For a country that has been without a government for over a year, Belgium is actually faring quite well. However, an exchange traded fund tracking Belgium has trended lower in recent months as Europe’s debt problems may be spreading from the periphery to the central regions.
iShares MSCI Belgium (EWK) is in positive territory for 2011 but has traded lower since the end of April.
European market pessimists have braced themselves for the worst-case scenario where the financial problems from periphery member states finally reach “core” states, like Belgium, reports Eva Szalay for The Wall Street Journal.
Fitch recently warned it may downgrade Belgian government bonds.
“Investors are still of the view that Ireland, Portugal and Greece are different from say Italy or Belgium,” according to analysts at Société Générale. “The mindset is still that contagion is contained to these three economies, which are considered to be the weakest.”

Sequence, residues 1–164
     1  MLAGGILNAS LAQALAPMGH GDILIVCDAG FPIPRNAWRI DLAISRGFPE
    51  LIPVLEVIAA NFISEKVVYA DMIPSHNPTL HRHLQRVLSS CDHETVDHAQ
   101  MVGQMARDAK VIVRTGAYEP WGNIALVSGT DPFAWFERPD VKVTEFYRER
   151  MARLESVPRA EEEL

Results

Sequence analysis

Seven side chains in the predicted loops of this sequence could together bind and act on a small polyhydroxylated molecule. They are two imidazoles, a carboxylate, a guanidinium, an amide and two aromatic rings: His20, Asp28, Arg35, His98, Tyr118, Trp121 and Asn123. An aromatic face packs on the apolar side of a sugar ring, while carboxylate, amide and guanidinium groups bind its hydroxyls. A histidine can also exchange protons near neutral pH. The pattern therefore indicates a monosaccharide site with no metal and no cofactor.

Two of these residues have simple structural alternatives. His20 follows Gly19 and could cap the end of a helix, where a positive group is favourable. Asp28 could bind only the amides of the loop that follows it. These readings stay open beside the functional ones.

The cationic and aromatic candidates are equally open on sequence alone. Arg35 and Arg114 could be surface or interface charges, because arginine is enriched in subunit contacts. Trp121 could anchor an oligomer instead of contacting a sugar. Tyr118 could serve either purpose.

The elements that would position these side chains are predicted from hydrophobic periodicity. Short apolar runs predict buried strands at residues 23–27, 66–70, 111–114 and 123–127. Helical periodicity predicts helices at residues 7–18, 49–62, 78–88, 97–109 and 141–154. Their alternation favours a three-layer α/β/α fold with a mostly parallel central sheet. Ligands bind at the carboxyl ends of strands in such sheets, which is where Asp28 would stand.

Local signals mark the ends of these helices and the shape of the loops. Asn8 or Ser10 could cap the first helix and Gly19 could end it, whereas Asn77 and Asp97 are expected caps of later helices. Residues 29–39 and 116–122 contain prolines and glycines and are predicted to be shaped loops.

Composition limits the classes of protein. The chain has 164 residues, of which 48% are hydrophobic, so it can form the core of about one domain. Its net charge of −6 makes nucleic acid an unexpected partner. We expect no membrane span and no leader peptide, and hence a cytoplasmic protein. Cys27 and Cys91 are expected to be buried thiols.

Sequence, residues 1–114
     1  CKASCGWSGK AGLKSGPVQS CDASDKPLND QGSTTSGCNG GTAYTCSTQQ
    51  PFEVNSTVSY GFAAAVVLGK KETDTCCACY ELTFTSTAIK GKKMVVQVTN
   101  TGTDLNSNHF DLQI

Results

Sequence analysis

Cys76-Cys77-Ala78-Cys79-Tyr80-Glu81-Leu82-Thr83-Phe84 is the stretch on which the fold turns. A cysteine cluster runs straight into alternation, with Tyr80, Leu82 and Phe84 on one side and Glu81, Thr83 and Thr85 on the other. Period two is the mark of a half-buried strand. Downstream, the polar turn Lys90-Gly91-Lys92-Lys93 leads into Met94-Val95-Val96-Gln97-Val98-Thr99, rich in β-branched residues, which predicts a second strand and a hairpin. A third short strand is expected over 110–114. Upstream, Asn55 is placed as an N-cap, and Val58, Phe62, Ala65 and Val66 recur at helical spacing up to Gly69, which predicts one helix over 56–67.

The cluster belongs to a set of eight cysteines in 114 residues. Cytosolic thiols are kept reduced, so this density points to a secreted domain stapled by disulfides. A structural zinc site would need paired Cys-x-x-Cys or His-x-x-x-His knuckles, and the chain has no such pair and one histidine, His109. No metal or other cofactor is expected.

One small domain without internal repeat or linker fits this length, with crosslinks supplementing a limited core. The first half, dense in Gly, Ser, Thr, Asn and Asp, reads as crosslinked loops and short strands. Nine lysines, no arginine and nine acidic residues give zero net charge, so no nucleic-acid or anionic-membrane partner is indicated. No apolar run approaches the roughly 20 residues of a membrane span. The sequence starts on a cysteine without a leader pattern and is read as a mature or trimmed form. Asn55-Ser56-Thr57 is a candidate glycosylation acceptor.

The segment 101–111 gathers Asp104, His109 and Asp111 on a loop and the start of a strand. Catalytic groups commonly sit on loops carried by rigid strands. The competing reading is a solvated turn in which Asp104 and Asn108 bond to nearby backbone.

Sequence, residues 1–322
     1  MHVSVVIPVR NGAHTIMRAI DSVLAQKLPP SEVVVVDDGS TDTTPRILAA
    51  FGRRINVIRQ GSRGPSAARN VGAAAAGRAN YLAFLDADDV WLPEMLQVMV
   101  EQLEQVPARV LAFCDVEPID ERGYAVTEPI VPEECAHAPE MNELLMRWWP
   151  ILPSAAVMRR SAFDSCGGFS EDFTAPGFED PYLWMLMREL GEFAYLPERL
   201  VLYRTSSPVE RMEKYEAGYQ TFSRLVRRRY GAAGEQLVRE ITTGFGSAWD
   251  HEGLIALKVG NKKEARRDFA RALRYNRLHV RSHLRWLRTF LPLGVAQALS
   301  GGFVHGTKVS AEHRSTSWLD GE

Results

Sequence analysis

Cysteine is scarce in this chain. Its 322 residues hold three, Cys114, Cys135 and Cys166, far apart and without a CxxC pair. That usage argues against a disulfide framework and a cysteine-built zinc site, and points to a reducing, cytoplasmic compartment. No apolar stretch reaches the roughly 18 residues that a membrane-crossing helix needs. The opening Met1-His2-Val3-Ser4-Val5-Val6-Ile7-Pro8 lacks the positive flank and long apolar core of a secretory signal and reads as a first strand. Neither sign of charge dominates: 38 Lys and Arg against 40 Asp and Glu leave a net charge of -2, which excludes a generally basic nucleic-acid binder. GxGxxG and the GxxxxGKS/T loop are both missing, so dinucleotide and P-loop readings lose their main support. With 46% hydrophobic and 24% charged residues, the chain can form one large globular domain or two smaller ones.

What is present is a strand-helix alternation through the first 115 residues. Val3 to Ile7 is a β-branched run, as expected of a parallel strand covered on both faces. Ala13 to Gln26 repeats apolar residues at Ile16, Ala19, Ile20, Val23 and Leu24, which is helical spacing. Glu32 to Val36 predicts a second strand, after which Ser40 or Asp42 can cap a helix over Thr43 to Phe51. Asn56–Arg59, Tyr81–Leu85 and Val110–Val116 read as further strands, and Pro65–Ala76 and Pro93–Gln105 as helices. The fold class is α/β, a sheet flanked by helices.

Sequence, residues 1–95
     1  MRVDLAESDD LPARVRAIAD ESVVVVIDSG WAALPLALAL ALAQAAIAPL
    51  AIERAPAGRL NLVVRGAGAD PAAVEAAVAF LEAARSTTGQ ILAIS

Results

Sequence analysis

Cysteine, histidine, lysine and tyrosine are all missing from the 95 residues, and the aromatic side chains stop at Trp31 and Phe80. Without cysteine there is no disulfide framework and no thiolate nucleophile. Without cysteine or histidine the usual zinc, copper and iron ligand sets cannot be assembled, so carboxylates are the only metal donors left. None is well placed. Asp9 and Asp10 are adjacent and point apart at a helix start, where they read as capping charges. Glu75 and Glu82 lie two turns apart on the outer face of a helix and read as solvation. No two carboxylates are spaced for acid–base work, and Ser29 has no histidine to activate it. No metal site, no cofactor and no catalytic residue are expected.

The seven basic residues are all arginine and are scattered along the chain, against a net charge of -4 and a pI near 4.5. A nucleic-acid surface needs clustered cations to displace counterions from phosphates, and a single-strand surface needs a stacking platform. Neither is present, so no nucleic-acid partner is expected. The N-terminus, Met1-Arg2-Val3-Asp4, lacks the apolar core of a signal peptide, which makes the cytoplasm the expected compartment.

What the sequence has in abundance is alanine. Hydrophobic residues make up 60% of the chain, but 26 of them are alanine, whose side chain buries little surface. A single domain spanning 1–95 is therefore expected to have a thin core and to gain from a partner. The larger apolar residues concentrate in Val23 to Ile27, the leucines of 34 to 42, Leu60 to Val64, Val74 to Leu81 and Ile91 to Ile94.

Nevertheless, Belgium needs to come up with $28.35 billion over the next four years to shore up its structural deficit. As compared to the bailouts planned for Portugal, Greece, or Ireland, the sum seems rather paltry.
The Belgian caretaker government recently celebrated its one year anniversary after the Francophone parties and rival Flemish separatists failed to reach an accord, according to RTTNews. The Guinness World Record group has also honored Belgium for being a country without a government for the longest period during times of peace. The failure to break the political stalemate has prevented the government from passing major budget decisions.
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iShares MSCI Belgium
Max Chen contributed to this article.